Program helps students learn to grow, harvest, cook vegetables

Learn, Grow, Eat, and Go program teaches kids nutrition, food safety

By Myra Arthur - Anchor/Reporter , Diana Winters - Producer

SAN ANTONIO - Elementary students in the Harlandale Independent School District are making awesome changes to their health.

They're teaming up with Texas A&M Agrilife in Bexar County to learn how to grow, harvest and cook their own vegetables.

"They actually take care of the vegetable, they take turns to come out and take the weeds out, watering them, taking care of it, so it's their garden," Angie Gutierrez, with Texas A&M Agrilife Extension Service, said.

The Schulze Elementary School third-graders are kicking off the Learn, Grow, Eat, and Go program.

Their mission for the next 10 weeks is to plant their own vegetables and care for those vegetables throughout the growth cycle.

"We're hoping that ladybugs will come so they can see the life cycle of a ladybug," teacher Andriana Aguilar-Lapoint said.

The program teaches kids everything from nutrition to food safety, such as washing their hands and vegetables.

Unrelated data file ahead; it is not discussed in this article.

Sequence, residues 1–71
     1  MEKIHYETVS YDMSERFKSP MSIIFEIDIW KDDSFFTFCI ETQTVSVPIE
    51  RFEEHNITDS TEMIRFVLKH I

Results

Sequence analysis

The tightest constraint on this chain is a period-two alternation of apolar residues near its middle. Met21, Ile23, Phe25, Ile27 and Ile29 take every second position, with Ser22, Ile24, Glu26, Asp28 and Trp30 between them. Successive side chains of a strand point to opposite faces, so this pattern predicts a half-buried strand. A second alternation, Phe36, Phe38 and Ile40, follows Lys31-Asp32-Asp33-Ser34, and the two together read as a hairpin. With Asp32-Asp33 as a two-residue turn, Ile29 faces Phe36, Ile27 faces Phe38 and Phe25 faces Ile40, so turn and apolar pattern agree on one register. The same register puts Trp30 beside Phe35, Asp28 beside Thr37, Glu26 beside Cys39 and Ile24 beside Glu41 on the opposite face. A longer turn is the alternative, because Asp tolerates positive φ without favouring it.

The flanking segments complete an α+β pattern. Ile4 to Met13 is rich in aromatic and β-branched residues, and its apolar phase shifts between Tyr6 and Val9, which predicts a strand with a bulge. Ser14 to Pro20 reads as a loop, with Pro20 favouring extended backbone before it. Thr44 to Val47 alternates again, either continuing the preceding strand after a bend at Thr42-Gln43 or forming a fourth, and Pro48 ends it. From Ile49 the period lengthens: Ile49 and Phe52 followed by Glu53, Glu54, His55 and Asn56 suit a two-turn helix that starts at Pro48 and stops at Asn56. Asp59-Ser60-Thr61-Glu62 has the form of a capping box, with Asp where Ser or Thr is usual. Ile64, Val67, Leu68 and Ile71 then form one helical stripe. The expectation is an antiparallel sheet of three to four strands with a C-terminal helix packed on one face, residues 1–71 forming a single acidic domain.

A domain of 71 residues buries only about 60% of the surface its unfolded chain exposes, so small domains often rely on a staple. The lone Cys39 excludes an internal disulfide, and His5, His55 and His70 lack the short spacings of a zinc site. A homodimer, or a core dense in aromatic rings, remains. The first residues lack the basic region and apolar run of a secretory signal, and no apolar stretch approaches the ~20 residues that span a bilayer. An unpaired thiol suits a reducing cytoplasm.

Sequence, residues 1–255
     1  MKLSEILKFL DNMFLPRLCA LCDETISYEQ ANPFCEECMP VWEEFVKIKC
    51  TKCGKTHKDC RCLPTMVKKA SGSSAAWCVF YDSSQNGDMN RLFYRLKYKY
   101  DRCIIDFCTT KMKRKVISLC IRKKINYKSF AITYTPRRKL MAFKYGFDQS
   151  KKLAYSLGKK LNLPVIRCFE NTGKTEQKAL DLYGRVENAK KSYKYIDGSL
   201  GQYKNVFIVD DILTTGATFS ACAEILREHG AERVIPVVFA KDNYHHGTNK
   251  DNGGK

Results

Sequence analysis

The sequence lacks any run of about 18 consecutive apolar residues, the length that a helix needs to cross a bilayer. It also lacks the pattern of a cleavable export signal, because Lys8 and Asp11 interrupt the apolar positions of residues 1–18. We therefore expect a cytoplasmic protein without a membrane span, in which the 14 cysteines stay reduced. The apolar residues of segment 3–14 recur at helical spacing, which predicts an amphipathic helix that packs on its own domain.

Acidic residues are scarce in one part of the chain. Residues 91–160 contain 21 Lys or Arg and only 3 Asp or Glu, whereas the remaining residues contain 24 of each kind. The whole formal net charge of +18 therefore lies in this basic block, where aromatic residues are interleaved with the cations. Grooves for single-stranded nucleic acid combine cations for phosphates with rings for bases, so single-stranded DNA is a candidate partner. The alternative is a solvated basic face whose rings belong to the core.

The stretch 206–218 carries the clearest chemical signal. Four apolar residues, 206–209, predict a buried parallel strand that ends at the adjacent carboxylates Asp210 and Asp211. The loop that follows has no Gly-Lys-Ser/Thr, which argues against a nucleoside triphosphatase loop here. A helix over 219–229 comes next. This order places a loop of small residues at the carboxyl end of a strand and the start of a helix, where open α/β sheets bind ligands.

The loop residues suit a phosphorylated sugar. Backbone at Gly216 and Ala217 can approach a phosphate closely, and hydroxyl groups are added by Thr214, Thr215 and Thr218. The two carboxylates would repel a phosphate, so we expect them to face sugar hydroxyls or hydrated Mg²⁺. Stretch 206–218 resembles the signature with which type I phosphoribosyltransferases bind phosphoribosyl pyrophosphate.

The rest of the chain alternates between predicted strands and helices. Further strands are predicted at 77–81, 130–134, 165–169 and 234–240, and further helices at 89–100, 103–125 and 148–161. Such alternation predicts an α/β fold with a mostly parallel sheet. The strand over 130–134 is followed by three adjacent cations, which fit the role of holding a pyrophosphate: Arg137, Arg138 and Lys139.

"A lot of times kids don't like to eat vegetables," Gutierrez said. "So what we do -- they actually learn in the classroom the importance of vitamins and nutrients they get from eating different types of vegetables."

Once the students harvest their veggies, they will have a chance to taste them -- both raw and cooked.

"At the beginning, they might say, 'I don't like this, I don't like this, I don't like all different types of vegetables,' but we've seen such an increase when we do our post evaluation that they actually enjoy tasting them and learning about them."

The kids will also prepare healthy recipes in the classroom with their teachers. Then at home, the students will become the teachers, encouraging their families to practice healthier eating habits.

"This is one of the sides of town where everything is fast food, Mexican restaurants, and then for them to see this and hopefully be the teachers to their families, 'Mom, dad, grandma, grandpa, tio, tia, can we go get some vegetables from the supermarket?'" Aguilar-Lapoint said.

The children will also learn the importance of being active through the Walk across Texas" program. It teaches them not only about eating healthy, but about making healthy choices and being active.

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